Updated: Oct 28, 2020
By: Molly Amick
Claims against Apple for using gender-biased algorithms have grown since the company’s newest feature was accused of giving lower credit card limits to women compared to their husbands despite having matching financial health. Complaints against Apple have been made in response to the differences seen between the credit limits given to men and women.
Are Apple’s inconsistencies in credit allowance between men and women an honest flaw of the new technology, a result of intentionally discriminatory algorithms, or a reflection of users’ credit scores and credit histories?
The discussion started after a man took to Twitter after noticing his wife’s astoundingly lower credit limit. “Entrepreneur David Heinemeier Hansson railed against the Apple Card… [stating that] it gave him 20 times the credit limit his wife received,” said Reuters’ Subrat Patnaik. The article continues to detail another person’s similar experience, in which Patnaik reports: “He got 10 times more credit on the card, compared with his wife” despite the fact that the two of them share the account.
Reports have indicated that the algorithms — formulas for processing information or completing tasks — that make these judgments are programmed by people who may have their own biases. Often these result in unfavorable outcomes for women and people of color. While there have been discrepancies in men and women’s’ Apple Cards, these unfortunate instances are rare. It seems that the algorithms, being a reflection of the humans that help create and develop them, are not free of bias. They have the power to extend the discriminatory views of those involved with the making of Apple’s algorithms for Apple Card.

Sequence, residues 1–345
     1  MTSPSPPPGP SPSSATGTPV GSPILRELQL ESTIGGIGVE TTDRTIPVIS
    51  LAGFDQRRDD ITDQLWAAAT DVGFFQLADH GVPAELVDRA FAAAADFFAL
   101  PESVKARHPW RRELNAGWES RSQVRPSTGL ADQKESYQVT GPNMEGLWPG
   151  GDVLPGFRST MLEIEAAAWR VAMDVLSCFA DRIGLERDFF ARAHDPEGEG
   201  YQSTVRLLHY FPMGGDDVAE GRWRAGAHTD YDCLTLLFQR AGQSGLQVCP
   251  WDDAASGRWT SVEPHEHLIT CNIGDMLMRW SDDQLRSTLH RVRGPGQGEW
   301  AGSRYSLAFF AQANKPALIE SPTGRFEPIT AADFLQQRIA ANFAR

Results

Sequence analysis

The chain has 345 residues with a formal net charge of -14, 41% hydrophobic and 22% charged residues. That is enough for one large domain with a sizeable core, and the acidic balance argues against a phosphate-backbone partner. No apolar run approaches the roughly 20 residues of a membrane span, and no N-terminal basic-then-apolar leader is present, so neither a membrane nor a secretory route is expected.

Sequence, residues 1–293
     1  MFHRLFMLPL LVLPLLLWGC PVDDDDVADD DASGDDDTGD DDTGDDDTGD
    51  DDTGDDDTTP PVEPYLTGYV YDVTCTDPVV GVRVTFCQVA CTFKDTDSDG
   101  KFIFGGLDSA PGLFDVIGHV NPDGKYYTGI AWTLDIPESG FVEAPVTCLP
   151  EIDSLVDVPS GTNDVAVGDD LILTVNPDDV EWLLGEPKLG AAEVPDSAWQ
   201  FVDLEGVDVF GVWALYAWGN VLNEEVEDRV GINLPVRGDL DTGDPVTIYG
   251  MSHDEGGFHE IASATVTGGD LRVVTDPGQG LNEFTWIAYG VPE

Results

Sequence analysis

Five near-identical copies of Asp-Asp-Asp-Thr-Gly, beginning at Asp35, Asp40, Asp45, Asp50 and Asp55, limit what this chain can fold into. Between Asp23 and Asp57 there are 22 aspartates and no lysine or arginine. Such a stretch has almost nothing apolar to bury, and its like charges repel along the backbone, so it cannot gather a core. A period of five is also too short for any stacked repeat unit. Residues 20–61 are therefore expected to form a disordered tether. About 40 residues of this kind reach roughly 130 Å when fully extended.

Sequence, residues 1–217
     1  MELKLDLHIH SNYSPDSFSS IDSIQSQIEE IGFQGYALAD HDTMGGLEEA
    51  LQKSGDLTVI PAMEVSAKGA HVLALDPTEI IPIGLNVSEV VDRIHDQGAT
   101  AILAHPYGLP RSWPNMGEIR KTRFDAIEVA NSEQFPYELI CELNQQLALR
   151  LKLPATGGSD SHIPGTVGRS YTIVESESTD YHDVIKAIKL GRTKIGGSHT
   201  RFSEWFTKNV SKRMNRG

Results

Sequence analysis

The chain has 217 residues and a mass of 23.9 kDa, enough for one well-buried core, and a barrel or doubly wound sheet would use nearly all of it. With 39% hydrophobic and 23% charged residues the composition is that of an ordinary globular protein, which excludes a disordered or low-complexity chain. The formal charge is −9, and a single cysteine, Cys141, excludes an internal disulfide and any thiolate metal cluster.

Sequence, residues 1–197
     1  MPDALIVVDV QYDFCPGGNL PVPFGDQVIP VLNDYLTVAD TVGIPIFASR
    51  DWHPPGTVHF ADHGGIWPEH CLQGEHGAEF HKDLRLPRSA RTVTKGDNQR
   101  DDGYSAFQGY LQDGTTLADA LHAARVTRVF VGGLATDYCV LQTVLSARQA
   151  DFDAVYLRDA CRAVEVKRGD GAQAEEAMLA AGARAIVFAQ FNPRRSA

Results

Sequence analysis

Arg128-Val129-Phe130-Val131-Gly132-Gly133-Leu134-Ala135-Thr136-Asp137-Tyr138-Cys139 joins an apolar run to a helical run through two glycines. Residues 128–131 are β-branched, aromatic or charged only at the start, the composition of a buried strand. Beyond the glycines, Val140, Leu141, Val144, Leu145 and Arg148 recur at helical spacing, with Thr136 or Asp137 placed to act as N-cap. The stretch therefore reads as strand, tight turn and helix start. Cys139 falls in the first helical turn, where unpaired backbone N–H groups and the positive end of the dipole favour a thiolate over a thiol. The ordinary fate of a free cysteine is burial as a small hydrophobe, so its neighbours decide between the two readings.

What does this mean for Apple as a business? Apple seems to be under fire, but the company’s well-timed releases of enticing new products seem to cushion the blows of Twitter outrage and deter the public’s eye from unfolding events.
The Apple credit situations may have had their brief moments of discussion, but which Apple topic is sticking around and truly taking the internet by storm? The iPhone 11.
People have gone to Instagram and Twitter to share their astonishment at the new iPhone’s three camera lenses, appealing colors and improved durability. The phone has made its way into commercials, blog post, and even everyday conversations--but Apple Card isn’t so commonplace yet.
Moving forward, how is the issue to be handled? How should Apple maneuver the concern created by Apple Card? So far, Apple has been quiet in response to claims and upset users. It seems that reprimands are in order, but will they be satisfied? Hansson’s wife’s credit limit was raised to equal his, but Apple hasn’t publicly addressed the gender bias exhibited by the card’s credit limit.
A few instances of credit limit discrepancies appear to be relatively harmless, but it is important that consumers do not avert their eyes from these cases. When so many of our most pedestrian activities (like using a credit card) are made electronic and the algorithms behind them secretly host biases, we find ourselves in danger of disadvantaging certain groups or minorities in society. It is only right that we voice dissatisfaction at these events to ensure corporations are properly held accountable for their biased products or services.